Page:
Wednesday, June 6, 2007

Reaching the second year of work life

Today marks my second anniversary of a working life in the so-called software industry arena. Such a milestone it is to be celebrated by a typical one; I am half-hearted about it. Well, apparently I am employed in this not-so-locally-known-but-internationally-acknowledged company in its Software Engineering Department. I would say it has been a pretty slow-paced, on-the-average, and intermittently-stressing-and-boring stay in this office. My liking and motivation to persist and do my best has gradually degraded since the day I joined. Even my will-boosted and often faux interest to the work loads I've had and are currently dealing with seem to have reached half-life. Simply put, I am on the verge of resignation.

Why? Chiefly because this is not the ultimate goal that my psyche has constructed way back three years ago. I've known myself to be very persistent in most of my endeavors. Even if an attempt lacks interest to me but seems to be compelling, I'd boost myself to be enthused and do things well in as much as I'd do something of my liking. I think this is one attitude that kept me going in the past years (aside from the bigger starting salary I had then).

But recently, my batteries seem to be discharging faster than before....

Being in this company, I would say, is an endeavor of an amateur yuppy to have a quick satisfying taste of the wild world of corporate life, and to feel the sensation and enjoyment of withdrawing an above-average monthly salary from the passive ATM. I think that's very typical for most aspiring fresh grads - to eye for big-salary-giving companies. In this third world country, it's very common to put financial gain over the top of the priority list, even if one's passion is compromised. And I am guilty of that.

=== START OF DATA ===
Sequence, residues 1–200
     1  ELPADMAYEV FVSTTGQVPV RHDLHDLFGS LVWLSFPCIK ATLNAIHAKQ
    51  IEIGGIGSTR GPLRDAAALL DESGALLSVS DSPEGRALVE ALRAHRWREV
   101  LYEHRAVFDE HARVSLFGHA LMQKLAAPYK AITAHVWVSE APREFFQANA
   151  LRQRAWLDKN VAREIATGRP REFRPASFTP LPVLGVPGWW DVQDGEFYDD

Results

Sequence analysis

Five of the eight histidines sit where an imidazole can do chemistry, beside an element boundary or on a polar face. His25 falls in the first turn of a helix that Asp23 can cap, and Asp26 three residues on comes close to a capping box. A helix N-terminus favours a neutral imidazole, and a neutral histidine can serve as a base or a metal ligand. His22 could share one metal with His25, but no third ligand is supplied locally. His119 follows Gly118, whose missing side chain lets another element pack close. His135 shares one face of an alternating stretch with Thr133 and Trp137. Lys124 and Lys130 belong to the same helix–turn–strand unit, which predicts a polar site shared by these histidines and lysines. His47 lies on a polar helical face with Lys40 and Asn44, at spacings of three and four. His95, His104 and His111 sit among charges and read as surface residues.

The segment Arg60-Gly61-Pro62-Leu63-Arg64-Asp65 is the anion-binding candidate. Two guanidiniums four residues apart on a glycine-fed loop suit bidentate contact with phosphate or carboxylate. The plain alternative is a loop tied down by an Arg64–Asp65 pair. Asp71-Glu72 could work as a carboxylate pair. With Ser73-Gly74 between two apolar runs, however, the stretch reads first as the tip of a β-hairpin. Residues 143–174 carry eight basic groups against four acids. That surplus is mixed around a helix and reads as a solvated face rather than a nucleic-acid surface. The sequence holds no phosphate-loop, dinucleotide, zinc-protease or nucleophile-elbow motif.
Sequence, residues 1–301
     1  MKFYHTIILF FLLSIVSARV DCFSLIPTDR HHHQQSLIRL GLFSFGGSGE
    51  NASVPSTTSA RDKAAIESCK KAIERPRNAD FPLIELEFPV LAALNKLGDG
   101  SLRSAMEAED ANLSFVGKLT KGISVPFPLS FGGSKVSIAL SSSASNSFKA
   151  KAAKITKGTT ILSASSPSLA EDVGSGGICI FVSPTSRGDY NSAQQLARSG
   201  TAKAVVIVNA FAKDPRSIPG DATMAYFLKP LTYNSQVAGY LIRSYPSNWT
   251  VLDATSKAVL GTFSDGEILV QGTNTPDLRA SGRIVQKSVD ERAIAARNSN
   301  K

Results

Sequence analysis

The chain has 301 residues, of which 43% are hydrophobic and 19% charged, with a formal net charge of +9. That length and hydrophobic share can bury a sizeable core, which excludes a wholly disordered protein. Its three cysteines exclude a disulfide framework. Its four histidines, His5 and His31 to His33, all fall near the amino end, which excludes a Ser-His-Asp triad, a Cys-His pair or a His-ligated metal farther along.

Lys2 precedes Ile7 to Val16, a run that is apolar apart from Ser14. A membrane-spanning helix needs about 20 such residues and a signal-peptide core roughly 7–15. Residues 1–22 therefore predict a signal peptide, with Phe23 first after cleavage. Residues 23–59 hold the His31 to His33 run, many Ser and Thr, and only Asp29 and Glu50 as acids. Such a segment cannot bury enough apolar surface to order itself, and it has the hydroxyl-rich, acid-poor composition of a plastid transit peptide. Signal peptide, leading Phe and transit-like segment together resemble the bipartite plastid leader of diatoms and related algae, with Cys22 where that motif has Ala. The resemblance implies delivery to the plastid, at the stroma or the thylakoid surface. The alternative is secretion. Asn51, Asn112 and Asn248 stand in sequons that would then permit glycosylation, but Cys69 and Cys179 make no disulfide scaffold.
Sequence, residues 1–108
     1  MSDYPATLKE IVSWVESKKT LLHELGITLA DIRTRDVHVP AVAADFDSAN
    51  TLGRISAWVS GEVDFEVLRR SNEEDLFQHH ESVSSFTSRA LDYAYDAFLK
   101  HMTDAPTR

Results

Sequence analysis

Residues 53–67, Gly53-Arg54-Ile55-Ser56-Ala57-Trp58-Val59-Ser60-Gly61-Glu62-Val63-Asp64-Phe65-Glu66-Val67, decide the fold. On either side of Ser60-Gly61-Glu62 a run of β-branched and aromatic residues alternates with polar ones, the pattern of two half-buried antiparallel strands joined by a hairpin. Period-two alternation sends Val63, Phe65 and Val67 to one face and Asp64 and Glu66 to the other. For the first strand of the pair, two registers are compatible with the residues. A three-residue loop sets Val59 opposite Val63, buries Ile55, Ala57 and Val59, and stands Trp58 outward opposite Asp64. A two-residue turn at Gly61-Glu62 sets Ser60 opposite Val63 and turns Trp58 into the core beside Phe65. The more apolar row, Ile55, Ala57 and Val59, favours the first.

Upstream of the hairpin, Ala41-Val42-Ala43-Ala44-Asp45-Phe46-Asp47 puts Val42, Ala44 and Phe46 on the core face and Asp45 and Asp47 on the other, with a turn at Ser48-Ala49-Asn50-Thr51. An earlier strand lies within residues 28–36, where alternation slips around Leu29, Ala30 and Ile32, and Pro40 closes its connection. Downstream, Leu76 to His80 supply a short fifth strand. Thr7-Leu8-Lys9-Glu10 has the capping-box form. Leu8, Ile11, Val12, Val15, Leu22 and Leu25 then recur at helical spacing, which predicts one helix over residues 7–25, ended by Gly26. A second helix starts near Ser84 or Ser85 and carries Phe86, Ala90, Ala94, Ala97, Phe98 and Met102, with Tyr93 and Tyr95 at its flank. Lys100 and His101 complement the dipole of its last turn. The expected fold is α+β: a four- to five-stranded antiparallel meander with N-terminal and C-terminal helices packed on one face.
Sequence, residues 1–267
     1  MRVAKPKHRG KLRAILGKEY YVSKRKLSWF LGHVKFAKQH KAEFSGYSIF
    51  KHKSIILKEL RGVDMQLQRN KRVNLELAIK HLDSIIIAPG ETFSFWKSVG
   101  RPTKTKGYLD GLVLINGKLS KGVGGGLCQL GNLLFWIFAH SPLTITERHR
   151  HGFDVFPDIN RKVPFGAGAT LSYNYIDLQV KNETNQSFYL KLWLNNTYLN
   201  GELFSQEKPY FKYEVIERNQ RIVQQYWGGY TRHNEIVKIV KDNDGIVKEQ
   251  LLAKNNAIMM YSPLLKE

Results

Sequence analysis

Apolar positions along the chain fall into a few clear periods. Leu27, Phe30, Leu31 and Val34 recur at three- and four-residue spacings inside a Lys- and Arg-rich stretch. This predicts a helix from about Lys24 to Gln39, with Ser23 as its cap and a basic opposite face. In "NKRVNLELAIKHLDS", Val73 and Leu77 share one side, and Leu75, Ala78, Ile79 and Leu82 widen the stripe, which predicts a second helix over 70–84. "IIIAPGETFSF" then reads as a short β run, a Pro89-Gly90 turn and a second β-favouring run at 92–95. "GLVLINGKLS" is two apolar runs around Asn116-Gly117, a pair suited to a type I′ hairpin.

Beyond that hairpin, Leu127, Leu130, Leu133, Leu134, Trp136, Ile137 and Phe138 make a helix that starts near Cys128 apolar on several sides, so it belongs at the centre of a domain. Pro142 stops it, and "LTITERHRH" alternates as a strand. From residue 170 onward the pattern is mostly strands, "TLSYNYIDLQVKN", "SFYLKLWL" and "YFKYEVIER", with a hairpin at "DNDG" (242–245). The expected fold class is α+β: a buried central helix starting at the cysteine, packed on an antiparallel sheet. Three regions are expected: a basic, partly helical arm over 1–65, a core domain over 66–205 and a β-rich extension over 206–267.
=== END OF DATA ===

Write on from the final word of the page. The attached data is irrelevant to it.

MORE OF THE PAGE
I decided to foray in the software industry (the sensible thing to do, given that I am a Computer Science graduate) partly because of my loved-ones, especially my parents, whom weren't very much supportive to my passion; and partly because of my being the eldest in an average middle-class family in a provincial town. My being a top student of my contemporaries was seen by my parents as a big advantage to land on a satisfying job and not using it to our benefit would seem to be wasteful (Well, they were just being practical, and I totally understood that. Besides, not all parents are "fortunate" to have an academically acclaimed child). Ultimately, I needed to decide; And I decided to give the software industry and this company a try....

I know I sound bitter telling all of this. Well, my life here [in this company] hasn't been all unpleasantly experienced. I have had my dose of good happenings too - I have good colleagues and a pleasant environment. I am even friends with some. It's just that, to blatantly aver my mere dismay, I am not anymore happy with what I am doing.

Well, I guess this is just a phase I need to deal with determination and conviction, with less compromises to burden. At the end of the day, when my resignation comes, I still need to decide on what to do next, 'cause that's what life's about - making decisions.

If I would not have been employed by October of 2005, I would have been living my dream by now - teaching my students the best way I can! Then again, I would not be the person I am now if not for the things I have learned and experienced in my life as a software developer.

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